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BWW Review: THE FANTASTICKS Reinvents Meta-Theatre at Pittsburgh Public

BWW Review: THE FANTASTICKS Reinvents Meta-Theatre at Pittsburgh Public

Full disclosure: I, as a rule, do not like The Fantasticks. I find it a little too precious, a little too clever for its own good, and more than a little too affected in its sometimes cloying love of its own wisdom, innocence and experience. The long-running original production's famous minimalist staging on a rustic pageant platform, with Dust Bowl costumes and deliberately simplistic, presentational and exclamatory acting, tends to feel more than a little bit like Bertolt Brecht for elementary schoolers. That this original production's design, style and spirit are so constantly recreated and deified does not help my love of the show.

Thankfully, Ted Pappas is one hell of a director, and his staging of The Fantasticks has redeemed it hugely in my eyes. Like his local colleage Stephen Santa (whom I have championed here many times, including the one-two punch of last year's Next to Normal and The Light in the Piazza), Pappas has a knack for looking at a show with fresh eyes, finding potential within productions that may have stagnated in the common cultural understanding. In this thrilling production, scaled up to fit the grand-but-intimate O'Reilly Theatre, the setting by James Noone is still "a theatre," but not the rustic pageant wagon most productions imitate; rather, his Fantasticks is set backstage in an old theatre not unlike the ones in which the play has been so often staged. Littered with old props and stage elements, the space gives the same sense of history, memory and possibility past that a bare, handmade traveler's stage may have given halfway through the last century.

Central to this interpretation is the split of the central role of El Gallo, the play's narrator. Traditionally, El Gallo (here portrayed by the golden-voiced Josh Powell) is a metatheatrical, fourth-wall breaking figure; he is both a bandit and a charlatan for hire, wordly wise and seductive in a virile, masculine way. Not that Powell isn't virile and masculine- he certainly is, to judge by the sighs of several women of all ages around me- but his and Pappas's interpretation of the character is somewhat more complex. This Fantasticks splits the Narrator from El Gallo distinctly, though both are played by Powell. During the Overture (here cued by dropping a record player's needle onto a copy of the show's cast recording, but played live), the empty theatre is entered first by Jason Shavers as The Mute- here conceived as a highly professional, somewhat businesslike stage manager- and then by Powell/El Gallo, who immediately presents himself as an energetic, visionary theatre director. He speaks to the audience not as a soliloquizing narratorial figure within the show, but as a creative; bristling with energy and thought, he gives off an aura of impassioned teacher. As the Director, Powell stages a simple modern-day, modern-dress tale of love triumphing over imaginary adversaries, with young lovers Matt (Jamen Nanthakumar) and Luisa (Mary Elizabeth Drake) overcoming the fictional feud between their fathers (Daniel Krell and Gavan Palmer).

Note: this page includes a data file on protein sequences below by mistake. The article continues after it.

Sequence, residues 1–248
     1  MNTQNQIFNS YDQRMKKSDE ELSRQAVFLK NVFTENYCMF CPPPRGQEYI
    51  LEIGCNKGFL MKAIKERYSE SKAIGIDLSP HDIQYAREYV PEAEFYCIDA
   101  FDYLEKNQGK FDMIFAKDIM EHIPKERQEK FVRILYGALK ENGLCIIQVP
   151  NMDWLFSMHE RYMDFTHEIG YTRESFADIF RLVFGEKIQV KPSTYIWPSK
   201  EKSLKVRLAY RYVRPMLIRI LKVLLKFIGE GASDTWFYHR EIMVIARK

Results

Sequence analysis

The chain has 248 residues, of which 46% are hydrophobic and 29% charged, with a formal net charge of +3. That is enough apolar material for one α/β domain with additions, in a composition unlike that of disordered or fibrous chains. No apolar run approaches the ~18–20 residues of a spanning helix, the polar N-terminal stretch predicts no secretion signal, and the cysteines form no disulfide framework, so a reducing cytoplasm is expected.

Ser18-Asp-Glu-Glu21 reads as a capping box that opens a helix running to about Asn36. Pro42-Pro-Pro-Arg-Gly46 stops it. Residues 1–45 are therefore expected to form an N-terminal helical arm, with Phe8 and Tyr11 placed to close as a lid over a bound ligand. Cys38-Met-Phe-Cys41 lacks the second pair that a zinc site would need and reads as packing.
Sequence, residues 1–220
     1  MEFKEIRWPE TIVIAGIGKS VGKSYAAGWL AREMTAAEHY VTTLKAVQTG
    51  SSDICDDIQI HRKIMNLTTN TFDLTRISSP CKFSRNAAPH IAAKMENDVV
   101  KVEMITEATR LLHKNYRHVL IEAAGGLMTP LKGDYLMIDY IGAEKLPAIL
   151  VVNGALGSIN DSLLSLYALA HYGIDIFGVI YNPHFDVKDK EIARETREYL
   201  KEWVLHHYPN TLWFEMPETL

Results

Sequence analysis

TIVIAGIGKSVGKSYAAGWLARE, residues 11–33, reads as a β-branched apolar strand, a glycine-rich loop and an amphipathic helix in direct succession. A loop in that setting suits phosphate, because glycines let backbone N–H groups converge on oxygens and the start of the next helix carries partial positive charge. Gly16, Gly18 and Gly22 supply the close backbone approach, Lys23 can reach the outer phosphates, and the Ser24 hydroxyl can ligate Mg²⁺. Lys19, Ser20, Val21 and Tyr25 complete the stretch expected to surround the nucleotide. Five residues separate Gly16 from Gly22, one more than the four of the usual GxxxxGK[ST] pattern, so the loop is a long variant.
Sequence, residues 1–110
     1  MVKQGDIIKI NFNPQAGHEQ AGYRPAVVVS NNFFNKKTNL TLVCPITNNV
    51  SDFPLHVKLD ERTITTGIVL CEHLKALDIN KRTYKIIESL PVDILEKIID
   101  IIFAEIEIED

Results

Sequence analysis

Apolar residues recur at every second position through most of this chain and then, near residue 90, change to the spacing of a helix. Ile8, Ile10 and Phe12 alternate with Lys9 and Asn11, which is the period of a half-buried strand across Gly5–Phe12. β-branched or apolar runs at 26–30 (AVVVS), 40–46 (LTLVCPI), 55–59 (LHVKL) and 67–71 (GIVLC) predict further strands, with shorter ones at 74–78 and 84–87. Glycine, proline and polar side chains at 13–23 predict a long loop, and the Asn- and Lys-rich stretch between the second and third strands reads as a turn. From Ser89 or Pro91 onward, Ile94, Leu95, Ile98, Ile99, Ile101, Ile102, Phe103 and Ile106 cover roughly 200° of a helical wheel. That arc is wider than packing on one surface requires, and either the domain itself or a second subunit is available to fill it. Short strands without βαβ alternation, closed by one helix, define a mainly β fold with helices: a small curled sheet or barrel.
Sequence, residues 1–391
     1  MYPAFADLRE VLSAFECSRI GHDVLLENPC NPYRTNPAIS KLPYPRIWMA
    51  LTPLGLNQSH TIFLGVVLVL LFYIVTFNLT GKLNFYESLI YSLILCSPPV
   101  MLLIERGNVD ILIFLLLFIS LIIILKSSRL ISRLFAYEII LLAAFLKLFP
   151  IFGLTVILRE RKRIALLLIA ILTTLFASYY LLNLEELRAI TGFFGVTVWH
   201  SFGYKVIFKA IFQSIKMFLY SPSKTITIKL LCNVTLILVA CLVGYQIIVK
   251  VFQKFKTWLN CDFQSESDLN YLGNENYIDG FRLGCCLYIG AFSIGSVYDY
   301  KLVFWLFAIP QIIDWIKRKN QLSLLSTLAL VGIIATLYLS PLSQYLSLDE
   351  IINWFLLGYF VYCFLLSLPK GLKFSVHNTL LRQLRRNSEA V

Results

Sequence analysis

Sensing that the two children need a bigger motivation to fall in love, the old men hire El Gallo, a "bandit" who is really a con artist/professional actor hybrid. Here, Powell steps into the narrative, distinguishing El Gallo from the Director with a scarf and more affected speech and mannerisms. To further complicate matters, his El Gallo is implied to be El Gay-o, if you'll pardon the pun. By the end of the play, Powell is playing four layers of character at once: the Director is playing the epicene El Gallo, who is then playing the dangerous adventurer "El Gallo, the Bandit," who is playing the roles of Matt and Luisa's individual fantasies of who this figure is to them. Each layer builds on the one beneath, and it's easy to see the relief the Director feels as each one is eventually peeled away, relieving the pressure of both performance and performativity. Nowhere else outside of Caryl Churchill will you see a somewhat asexual character playing a gay character playing a straight character playing a hypermasculine soap-opera lover. It must be exhausting, and if this Fantasticks were running on Broadway, I would be shaking in my boots if I had to compete for Best Actor against Powell.